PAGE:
Summary: Ani and her sister Colette live in Ste-Anne-Beaupré, Quebec, a religious town named after one of Quebec’s patron saints. People come from far and wide to petition Saint Anne for miracles, and Ani’s family runs a store that sells religious souvenirs to those who are on pilgrimages. When an accident happens at the store leaving Ani and Colette’s mother paralyzed from the waist down, Ani reconsiders her views on God, miracles, and the church all while dealing with the complicated feelings of being a sixteen year-old.
Number of Pages: 246
Age Range: 14-16
Review: Miracleville by Monique Polak explores the challenging nature of being comfortable in your own skin, no matter what your circumstances.
Polak creates characters who each have something they need to learn to live with. In Marco’s case, it’s about embracing the fact that he is gay in spite of the Catholic church’s stance on the matter, and learning to live as a paraplegic after one drunken night in the train yard. For Colette, ADHD constantly affects her decisions and behaviours, sometimes in a negative way, but also makes her energetic and hopeful. Ani herself has to become comfortable with her introspective nature and a secret truth that is revealed to her when a new priest comes to town. These are just a few examples, but the book itself is carefully orchestrated to provide multiple examples of living with challenging situations.
I have two favourite parts in Miracleville. The first is the relationship between Ani and Colette. They drive each other crazy and tease each other as sisters do, but they are also kind of like each other’s missing halves. They complete each other, and they know it.
My second favourite part is at the end of the novel when everything Ani has been pondering comes together and she makes a powerful statement about the role of miracles. It touched me, and of course I have included it in my Memorable Quotes section.
Dealing with themes of religion, faith, miracles, and family, Miracleville is a thoughtful book for mid teen readers who are looking for a deeper read.
“Each of those poor souls has come to Ste-Anne-de-Beaupré to pray for a miracle. Sometimes, when I’m walking on Avenue Royale, I feel hope hanging in the air like a living thing.” – Ani from Miracleville by Monique Polak, page 3
“We’ve come to a stop sign and now Father Francoeur is looking at his hands. ‘Faith,’ he said slowly, ‘is believing God knows best. Even if we don’t always understand His ways.’
Father Francoeur must know that’s not the answer I wanted. ‘I want a guarantee…,’ I say, hesitating a little before I go on, ‘that everything’s going to be all right.’
‘That’s just it,’ Father Francoeur says, smiling. ‘Everything is going to be all right. No matter what happens.'” – conversation between Father Francoeur and Ani from Miracleville by Monique Polak, page 79
“When I slap Colette, it feels like my hand is moving without me. As if it slipped out from under my sleeve to smack her cheek. As if the red mark on her cheek appeared out of nowhere and had nothing to do with me.
It’s not fair that I’m the one who ends up crying. Colette’s been irresponsible, not me. I’m just trying to protect her. Only I can’t protect her anymore. That’s the problem.” – Ani from Miracleville by Monique Polak, page 137
“‘I don’t even like to think about sex. I mean… I do think about it, quite a lot sometimes, but I try not to.’ The words have slipped out of me, and immediately I’m sorry I said them . . .
But Tante Hélène only pats my hair and sighs. ‘One day, when you care from somebody, and when your body’s ready, you won’t mind thinking about it,” she says. ‘You probably won’t be able to stop thinking about it! And one day, when you’re an old woman like me, you’ll be able to explain things to a young woman like you. And that way, we make things a little better. For all of us.'” – conversation between Ani and Tante Hélène from Miracleville by Monique Polak, pages 142-143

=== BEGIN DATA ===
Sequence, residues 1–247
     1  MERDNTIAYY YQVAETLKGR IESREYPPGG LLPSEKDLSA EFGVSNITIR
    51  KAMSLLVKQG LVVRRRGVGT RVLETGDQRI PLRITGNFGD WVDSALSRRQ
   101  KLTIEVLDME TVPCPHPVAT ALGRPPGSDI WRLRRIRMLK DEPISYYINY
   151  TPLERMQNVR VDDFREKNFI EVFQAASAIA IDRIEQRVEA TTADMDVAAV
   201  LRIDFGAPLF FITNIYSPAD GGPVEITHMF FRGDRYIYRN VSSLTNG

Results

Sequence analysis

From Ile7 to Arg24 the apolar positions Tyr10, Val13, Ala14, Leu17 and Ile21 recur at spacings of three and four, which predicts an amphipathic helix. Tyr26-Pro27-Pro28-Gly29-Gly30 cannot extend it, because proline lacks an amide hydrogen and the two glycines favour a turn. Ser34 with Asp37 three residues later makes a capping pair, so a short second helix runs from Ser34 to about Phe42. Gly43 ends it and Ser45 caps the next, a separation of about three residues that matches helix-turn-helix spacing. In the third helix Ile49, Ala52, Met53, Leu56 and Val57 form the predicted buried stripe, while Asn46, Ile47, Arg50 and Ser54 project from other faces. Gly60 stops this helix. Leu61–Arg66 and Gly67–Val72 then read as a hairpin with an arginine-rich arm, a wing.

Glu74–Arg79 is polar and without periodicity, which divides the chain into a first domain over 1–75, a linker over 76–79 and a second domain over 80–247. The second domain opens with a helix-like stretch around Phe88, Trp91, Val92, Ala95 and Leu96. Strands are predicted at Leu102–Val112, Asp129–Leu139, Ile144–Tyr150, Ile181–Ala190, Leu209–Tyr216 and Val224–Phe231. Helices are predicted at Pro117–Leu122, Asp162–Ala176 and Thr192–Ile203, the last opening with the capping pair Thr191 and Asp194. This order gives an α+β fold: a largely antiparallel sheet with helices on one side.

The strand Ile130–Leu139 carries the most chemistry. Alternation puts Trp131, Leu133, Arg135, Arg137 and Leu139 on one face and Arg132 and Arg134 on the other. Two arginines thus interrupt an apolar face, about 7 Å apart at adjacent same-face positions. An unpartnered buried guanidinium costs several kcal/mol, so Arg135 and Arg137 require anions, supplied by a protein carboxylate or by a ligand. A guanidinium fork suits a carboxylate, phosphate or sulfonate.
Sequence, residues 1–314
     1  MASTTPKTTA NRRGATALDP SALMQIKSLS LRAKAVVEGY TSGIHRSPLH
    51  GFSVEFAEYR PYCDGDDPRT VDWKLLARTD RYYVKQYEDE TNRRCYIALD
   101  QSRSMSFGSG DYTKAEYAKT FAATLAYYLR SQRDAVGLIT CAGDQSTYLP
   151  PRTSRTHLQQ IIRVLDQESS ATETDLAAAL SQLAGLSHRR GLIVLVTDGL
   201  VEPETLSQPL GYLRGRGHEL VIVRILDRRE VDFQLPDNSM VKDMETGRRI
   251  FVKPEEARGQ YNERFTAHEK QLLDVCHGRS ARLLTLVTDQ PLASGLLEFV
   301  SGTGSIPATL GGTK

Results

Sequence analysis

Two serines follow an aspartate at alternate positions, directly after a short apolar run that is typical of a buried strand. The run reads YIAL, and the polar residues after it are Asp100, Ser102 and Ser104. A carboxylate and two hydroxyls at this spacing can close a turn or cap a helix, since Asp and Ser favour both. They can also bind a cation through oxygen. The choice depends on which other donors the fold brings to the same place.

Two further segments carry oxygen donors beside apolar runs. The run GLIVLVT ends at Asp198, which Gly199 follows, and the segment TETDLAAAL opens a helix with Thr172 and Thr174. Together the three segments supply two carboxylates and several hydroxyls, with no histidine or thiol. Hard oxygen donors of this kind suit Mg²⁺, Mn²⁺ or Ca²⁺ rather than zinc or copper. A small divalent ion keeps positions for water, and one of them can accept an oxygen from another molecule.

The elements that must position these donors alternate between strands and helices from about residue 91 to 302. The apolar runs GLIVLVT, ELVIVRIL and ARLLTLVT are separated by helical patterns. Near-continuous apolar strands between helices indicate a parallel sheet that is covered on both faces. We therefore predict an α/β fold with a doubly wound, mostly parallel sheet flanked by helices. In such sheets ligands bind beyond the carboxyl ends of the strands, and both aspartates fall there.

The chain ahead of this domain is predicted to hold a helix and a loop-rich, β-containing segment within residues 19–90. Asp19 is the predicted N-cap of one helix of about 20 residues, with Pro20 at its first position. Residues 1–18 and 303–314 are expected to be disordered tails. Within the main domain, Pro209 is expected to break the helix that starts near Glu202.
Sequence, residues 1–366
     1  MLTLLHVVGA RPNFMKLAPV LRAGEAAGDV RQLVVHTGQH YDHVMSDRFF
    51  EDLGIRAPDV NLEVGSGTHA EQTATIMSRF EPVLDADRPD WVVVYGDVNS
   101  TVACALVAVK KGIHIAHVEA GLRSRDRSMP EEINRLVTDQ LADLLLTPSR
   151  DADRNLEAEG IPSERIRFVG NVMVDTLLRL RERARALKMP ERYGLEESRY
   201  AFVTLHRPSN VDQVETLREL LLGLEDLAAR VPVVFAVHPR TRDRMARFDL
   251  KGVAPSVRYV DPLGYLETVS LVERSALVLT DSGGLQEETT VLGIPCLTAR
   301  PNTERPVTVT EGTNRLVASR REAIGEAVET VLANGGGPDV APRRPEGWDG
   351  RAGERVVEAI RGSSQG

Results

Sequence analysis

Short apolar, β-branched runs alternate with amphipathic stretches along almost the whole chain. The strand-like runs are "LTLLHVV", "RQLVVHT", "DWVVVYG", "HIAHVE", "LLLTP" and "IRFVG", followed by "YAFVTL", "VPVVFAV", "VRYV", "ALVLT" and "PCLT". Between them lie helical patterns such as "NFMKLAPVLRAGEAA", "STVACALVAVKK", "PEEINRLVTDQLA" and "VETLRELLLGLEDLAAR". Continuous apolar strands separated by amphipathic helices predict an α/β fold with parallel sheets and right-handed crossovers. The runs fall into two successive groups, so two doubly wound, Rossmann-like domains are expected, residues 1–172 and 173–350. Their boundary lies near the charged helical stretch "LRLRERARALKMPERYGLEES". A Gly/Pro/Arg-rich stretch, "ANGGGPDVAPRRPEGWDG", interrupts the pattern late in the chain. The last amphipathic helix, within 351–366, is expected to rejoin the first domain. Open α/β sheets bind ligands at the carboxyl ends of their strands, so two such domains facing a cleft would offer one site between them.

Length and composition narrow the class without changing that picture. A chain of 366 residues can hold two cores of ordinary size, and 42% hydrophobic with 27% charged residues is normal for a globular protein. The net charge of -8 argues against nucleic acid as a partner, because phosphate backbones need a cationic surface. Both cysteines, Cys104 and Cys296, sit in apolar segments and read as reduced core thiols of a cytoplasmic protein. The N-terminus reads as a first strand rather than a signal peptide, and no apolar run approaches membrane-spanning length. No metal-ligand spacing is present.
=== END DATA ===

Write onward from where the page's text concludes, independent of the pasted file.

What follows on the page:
“‘I was running away from me.’ Marco pauses I know he’s remembering again. ‘From knowing I was gay. From thinking it was a sin. But you can’t run away from who you are. Even if your legs work right.'” – Marco from Miracleville by Monique Polak, page 161
“I guess I always thought that as I got older, I’d understand things better. That I’d be able to describe about miracles and religion and the kind of person I want to be – a believer like Mom, a skeptic like Dad or something in between. But the older I get, the more confused I feel.” – Ani from Miracleville by Monique Polak, page 181
“When our eyes meet, she nods. There’s nothing disgusting about her. Nothing at all. I’m the monster, not her. All along, I’ve had it wrong. The really monstrous don’t show on our outsides.” – Ani from Miracleville by Monique Polak, page 191
“And that, I decided, is because somewhere in all of us, there is faith. Faith that life makes sense. Faith that even though terrible things happen, there is still goodness and hope.” – Ani from Miracleville by Monique Polak, page 222
“Hope’s a funny thing. A little hope can go a long way, and yet, there’s something painful about hope too. If what we’re hoping for doesn’t happen, we might end up feeling even worse than we already did when the accident first happened. And yet the hope that Mom might regain some movement in her lower body had lightened the atmosphere in our house, just like Marco said. Hope is making us kinder with each other and more patient.” – Ani from Miracleville by Monique Polak, page 244
“And that’s when I realize that maybe it’s true that the real miracle isn’t when someone throws away their crutches or stops being paralyzed. Maybe the real miracle is way simpler than that. Maybe the miracle is not giving up. Maybe it’s staying hopeful even when you’re not sure how things will turn out.” – Ani from Miracleville by Monique Polak, page 244